It’s Friday, everyone! And that means another Primal Blueprint Real Life Story from a Mark’s Daily Apple reader. If you have your own success story and would like to share it with me and the Mark’s Daily Apple community please contact me here. I’ll continue to publish these each Friday as long as they keep coming in. Thank you for reading!
When I was a kid, I was husky – that is what my mom told me. I was always a little chunkier than my siblings and most of my friends growing up in the 60’s. Because of that, I always had to watch my weight and what I ate. Gaining weight has always been easy for me.
Over the last 30 or so years, I have been a somewhat health conscious adult and lived largely by convention wisdom (CW) guidelines. I have always been physically active, fit, and pretty healthy. I rode a motocross bike up until I was 35 and played roller hockey to age 49. I rode mountain bikes, played racquetball, skied, learned to snowboard when I was 43, and would run 3-5 miles, 2-3 days a week. My dad ran the Boston marathon in his 50’s, so I guess he imparted a strong sense of fitness on to me. Keeping my weight down was always a challenge and something I worked at.
If the Primal way of eating is so healthy, why am I writing a post on common nutrient deficiencies? Well, mostly because you asked. For months now, I’ve received emails from Mark’s Daily Apple readers asking about iodine, selenium, magnesium and other vitamins and minerals, so I figured it’s about time to highlight these key nutrients, explain how and why some people find themselves deficient and provide my opinion as to what they can do about it.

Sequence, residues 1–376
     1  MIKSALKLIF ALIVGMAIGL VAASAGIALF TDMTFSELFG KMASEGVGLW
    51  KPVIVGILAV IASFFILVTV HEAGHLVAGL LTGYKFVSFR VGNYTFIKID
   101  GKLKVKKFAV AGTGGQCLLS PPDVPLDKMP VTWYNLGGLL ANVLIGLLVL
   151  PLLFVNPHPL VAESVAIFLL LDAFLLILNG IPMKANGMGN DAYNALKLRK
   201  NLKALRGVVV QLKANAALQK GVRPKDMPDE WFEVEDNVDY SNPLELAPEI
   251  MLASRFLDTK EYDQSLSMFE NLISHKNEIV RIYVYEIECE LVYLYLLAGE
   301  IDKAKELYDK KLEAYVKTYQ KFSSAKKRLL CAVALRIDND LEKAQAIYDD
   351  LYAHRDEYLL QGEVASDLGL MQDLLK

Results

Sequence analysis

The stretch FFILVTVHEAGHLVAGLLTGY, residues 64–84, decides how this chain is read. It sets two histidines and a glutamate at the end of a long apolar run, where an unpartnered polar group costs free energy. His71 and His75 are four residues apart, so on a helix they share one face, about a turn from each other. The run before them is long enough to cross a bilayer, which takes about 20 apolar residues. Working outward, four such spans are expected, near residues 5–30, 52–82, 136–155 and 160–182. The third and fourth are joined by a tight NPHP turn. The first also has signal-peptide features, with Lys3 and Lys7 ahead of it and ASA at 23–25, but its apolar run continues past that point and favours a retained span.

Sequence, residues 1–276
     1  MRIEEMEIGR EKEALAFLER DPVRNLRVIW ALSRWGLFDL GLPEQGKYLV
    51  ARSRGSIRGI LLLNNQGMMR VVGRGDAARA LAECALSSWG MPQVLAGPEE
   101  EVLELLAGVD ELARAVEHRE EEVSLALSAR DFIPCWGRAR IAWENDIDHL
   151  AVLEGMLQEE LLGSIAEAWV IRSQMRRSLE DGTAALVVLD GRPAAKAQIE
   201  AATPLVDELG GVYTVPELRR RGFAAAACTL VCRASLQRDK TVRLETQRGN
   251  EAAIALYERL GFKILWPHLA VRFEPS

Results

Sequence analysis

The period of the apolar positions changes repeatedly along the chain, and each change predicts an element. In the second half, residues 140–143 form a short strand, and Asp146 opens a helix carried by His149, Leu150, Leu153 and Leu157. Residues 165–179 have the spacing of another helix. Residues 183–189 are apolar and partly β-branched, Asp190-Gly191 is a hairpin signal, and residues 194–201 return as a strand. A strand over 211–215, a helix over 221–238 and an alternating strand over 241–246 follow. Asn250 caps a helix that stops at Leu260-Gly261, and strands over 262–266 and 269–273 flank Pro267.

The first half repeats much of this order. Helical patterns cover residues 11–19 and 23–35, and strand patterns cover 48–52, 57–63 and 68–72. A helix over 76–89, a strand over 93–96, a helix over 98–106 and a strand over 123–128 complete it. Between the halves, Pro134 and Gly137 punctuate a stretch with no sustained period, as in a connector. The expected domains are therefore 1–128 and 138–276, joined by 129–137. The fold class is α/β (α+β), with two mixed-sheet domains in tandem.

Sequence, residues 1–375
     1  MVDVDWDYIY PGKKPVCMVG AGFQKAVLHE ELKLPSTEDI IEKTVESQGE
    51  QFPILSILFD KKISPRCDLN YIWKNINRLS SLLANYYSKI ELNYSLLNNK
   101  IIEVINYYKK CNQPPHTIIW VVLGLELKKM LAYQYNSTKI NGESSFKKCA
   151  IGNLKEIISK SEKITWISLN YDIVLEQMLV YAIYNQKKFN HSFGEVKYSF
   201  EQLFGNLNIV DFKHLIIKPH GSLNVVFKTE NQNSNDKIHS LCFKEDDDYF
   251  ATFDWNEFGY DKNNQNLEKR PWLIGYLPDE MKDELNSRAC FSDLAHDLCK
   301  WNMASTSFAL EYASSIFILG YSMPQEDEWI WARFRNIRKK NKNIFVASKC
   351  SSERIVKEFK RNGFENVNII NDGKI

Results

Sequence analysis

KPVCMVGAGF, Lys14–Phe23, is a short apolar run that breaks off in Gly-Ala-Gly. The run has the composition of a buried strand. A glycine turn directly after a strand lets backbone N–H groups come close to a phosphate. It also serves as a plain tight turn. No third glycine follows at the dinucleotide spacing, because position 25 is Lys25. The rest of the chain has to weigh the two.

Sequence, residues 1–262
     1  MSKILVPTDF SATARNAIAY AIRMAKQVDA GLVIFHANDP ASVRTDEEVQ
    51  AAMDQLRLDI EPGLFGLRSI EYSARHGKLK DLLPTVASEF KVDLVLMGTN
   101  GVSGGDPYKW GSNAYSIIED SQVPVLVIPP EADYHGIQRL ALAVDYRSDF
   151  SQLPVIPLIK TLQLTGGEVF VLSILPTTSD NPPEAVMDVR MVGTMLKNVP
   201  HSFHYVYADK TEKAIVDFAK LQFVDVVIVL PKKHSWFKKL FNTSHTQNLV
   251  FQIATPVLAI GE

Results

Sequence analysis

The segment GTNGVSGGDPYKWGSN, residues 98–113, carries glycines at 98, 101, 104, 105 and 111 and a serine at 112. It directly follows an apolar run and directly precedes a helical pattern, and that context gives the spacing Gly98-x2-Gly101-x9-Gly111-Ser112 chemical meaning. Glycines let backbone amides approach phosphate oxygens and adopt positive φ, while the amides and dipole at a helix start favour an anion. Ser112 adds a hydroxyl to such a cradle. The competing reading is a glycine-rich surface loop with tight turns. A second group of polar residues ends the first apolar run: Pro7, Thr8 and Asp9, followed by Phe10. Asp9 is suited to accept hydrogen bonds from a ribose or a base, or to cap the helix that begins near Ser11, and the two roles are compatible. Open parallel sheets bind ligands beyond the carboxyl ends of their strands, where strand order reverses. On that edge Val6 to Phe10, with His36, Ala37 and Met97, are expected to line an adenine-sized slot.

I also wrote this article to make the point that quitting grains, legumes, seed oils, and sugar is just part of the equation. There’s a whole lot more to healthy eating than just deciding what not to eat. You also have to be mindful of the things you do eat, and – hopefully – those things will be incredibly nutritious.
Consider this post your guide to avoiding some of the most common nutrient deficiencies. Let’s jump right in…
By now, you’ve probably seen the Alicia Silverstone pre-mastication video. It’s totally safe for work (maybe not for lunch, but your mileage may vary), but some viewers will find it a bit unsettling: Silverstone feeds her baby pre-chewed food directly from her mouth, just like a bird. I found it pretty fascinating and not at all upsetting. Before you recoil in disgust and/or horror, think about how people weaned babies before Magic Bullets, Vitamixes, Gerber baby food, and even mortar and pestles hit the scene. That’s right – they chewed their food for them. In a paper entitled “Premastication: the second arm of infant and young child feeding for health and survival,” Gretel Pelto speculates that pre-mastication was likely common practice among pre-agricultural groups and confirms that it continues today across every continent (PDF).
Assuming you’ve been keeping up with the series, you should be saying to yourself “Hey, maybe this fasting thing would be a cool thing to try out, and it might even make me healthier/live longer/lean out/lose weight/etc.,” which is a sufficiently extensive list of benefits, don’t you think? I could probably go on theorizing and speculating about all the reasons why you should consider intermittent fasting, but I’d rather move on to the implementation. Thinking about fasting, reading about fasting, and reciting the benefits of fasting are all pointless if you don’t know how to go about doing it.
First, let’s go over the different variations of fasting. I’ll give a quick rundown. Each involves not eating for a period of time, unsurprisingly.
A couple other rules that apply to all the given methods:
You’re at the store, and you want to get some beef. You’ve been keeping up with the word on the street, so you’re aware of the importance of the cow’s diet. You look around for grass-fed beef, but have zero success. They do, however, have “vegetarian-fed” beef, which sounds nice. I mean, who wants their beef eating animal parts? And aren’t vegetarians pretty healthy? Why, I bet vegetarian-fed cows are even healthier! Eh, not so fast. What does it really mean? Anything? Labels can be tricky. Usually are, in fact, by design. And sneakiness works.
So – do these labels actually tell us anything we didn’t already know? Let’s find out the answer to this and other reader questions.
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